Avid traveller

After the miraculous event on the banks of Bein river, Guru Nanak spent nearly 25 years of his life travelling nearly 38,000 km in his pursuit to dialogue with peoples' leadership of many shades, belief systems, and geographical orientations. Mind you, in Guru Nanak’s time all religions that we know today were in existence. 

Among the major religions, Hinduism, the Siddha denomination, was the most popular and flourishing. Thus, Guru Nanak began with paying a visit to Siddha’s leadership, particularly the one led by a famous Siddha yogi, Gorakh Nath.

Guru Nanak first visited Siddhas at a place at the foothills of the Himalayas. It was later renamed as Nanak Matta. The meetings between Guru Nanak and yogis of the Nath sect continued in various parts of India. Gorakh Nath and Macchendra Nath, with their teams, met Guru Nanak two to three times. Nearly two centuries after meeting Guru Nanak, the Nath sect leaders came again to see Guru Gobind Singh. 

The Siddh Goshti

The question-answer sessions between Guru Nanak and Hindu Siddhas are known as Siddh Goshti. In that composition, nearly 150 selected questions by yogis and their answers by Guru Nanak are recorded in Guru Granth and in various Sikh history books.

Among the questions the yogis asked, one was about Guru Nanak’s competence in showing a miracle. As it has been recorded in the anecdotes about the prophets and the saints, the miracles were often displayed as the validity of their claims of being divine or the divine's agents. Following the same tradition, in their call, the Siddhas asked Guru Nanak for a miracle. They wanted to make sure that Guru Nanak was worthy of prophetic authority.  

In response thus spoke Guru Nanak, as recalled by the famous Sikh theologian Bhai Gurdas:

Siddhas spoke to Guru Nanak, ‘Listen, O Nanak! You seemed to have convinced the world of your prophetic rank by showing your miracles (Siddhas apparently thought that Guru Nanak had shown miracles to people in order to recruit such an impressive following), you must show us some miracle too. Why are you delaying this?’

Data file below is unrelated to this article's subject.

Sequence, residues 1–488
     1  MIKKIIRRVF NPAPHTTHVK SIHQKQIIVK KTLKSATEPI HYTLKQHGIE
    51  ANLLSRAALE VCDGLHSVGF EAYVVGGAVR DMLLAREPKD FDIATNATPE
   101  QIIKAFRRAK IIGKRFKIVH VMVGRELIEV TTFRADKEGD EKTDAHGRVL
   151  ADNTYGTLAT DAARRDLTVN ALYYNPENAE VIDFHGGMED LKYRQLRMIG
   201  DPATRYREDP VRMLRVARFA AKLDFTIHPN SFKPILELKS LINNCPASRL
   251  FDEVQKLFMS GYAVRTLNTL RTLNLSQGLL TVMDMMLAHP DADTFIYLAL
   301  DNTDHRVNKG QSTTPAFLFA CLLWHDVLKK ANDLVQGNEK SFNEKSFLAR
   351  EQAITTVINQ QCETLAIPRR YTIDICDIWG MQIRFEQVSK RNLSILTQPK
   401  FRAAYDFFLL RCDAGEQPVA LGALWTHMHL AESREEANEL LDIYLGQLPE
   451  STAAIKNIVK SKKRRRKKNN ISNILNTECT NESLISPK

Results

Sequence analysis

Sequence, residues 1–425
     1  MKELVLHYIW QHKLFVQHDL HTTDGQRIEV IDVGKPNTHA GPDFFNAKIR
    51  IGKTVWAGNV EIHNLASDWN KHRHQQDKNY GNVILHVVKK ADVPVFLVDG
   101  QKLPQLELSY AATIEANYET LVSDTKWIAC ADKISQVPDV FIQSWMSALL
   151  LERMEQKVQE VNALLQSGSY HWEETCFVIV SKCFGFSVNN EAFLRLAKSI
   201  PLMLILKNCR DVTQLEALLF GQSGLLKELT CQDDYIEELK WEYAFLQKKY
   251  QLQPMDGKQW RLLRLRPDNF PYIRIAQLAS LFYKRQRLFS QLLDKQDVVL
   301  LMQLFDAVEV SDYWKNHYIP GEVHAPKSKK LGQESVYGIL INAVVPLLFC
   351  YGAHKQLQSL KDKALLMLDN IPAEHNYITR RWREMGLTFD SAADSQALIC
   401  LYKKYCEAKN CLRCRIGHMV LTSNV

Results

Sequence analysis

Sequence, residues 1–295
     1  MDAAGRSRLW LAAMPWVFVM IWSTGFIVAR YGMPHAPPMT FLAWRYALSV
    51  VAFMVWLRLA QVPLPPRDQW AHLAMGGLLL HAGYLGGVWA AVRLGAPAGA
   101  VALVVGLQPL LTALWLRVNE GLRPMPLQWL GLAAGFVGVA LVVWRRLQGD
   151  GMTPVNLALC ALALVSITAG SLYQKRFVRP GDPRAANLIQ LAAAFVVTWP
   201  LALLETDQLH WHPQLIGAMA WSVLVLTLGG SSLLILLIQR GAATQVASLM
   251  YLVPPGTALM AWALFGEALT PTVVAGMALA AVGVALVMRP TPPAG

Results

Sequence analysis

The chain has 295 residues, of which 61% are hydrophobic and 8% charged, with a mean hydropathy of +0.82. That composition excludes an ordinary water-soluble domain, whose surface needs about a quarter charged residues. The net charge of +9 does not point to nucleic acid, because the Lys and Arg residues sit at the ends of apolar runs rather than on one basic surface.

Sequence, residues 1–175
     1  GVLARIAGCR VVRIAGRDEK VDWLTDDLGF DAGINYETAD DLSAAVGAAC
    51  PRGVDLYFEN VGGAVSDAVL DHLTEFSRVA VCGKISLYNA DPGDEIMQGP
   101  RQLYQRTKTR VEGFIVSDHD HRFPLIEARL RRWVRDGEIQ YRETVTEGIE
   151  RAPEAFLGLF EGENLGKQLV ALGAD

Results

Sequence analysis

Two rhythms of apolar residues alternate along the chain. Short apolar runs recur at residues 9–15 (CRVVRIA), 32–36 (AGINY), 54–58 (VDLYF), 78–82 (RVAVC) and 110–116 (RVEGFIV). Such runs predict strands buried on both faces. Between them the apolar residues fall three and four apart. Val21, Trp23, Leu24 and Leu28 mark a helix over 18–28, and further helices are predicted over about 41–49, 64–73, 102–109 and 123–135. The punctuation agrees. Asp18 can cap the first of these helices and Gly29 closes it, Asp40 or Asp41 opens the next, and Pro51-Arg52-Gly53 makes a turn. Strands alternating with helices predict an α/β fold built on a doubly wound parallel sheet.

Baba spoke in response, ‘Oh Nath ji! Listen to me as I am telling you in the truthful words. Other than to make people realise that the eternal truth of divine presence and its realisation is through all creations, I have no other miracle to show.

Bhai Gurdas, Vaar 1. Pauri 43

It is similar to what Guru Nanak said in his own composition of the Asa di Var. 

A hundred times a day, I am a sacrifice to my Guru; He made angels out of humans, without taking much time. 

Guru Granth Sahib p. 462

This very dialogue convinced Siddhas of Guru Nanak’s preeminence, as informed  by Bhai Gurdas. 

Siddhas spoke their sacred words praising the Guru: ‘Oh Nanak, you had achieved great accomplishments. You are a great illuminating personality that enlightened the people in these difficult times of kalyug, the Age of Downfall.’

Bhai Gurdas. Vaar 1. Pauri 44.

Similar sentiments about Guru's miraculous powers were expressed later by Guru Arjan in Guru Granth Sahib.

Says Nanak, the Guru has revealed this miracle; within my mind, I adore the Creator and Sustainer, Har, Har 

Guru Granth Sahib, p.1018

I often tell this story in order to bring to the notice of the movers of the interfaith dialogues of today that it was Guru Nanak who promoted the culture of interfaith dialogue over five centuries ago. I further illustrate that the founders of Sikhi did believe in miracles. Yes, they did use the ancient terminology of miracles. But to them, the greatest miracle was the metamorphosis of the human mind and not the magicians' tricks to convince people of their occult powers.  Guru Nanak wrote that the mind of the Guru oriented would be awakened to the devotion towards the divine attributes. 

Further, Guru Nanak wrote that when one blends with the Supreme Being, only then one’s awareness is awakened. 

Guru Granth Sahib, p. 1328.

And, so said Kabir in Guru Granth Sahib on page 1,372, the humble servant of the divine should be just like the divine. 

After his travels, Guru Nanak settled in a town that he named as Kartarpur, the Creator-Ville. There he collected and further composed his bani (sacred verses). He also founded the tradition of sangat, meaning congregations of seekers to learn, contemplate, and practice the Guru's way, Gurmat. There, masses of people came to Guru Nanak; in today's terminology, the Hindus were becoming his Sikhs and Muslims his Mureeds. Today, it is estimated that nearly 300 million people in the world ascribe their religious adherence to Gurmat. Even though many of them may not identify themselves as Sikh or Mureed. 

— The writer is Professor  Emeritus, the University of North Texas Health Science Center, USA,  and Guru Nanak Dev University, Amritsar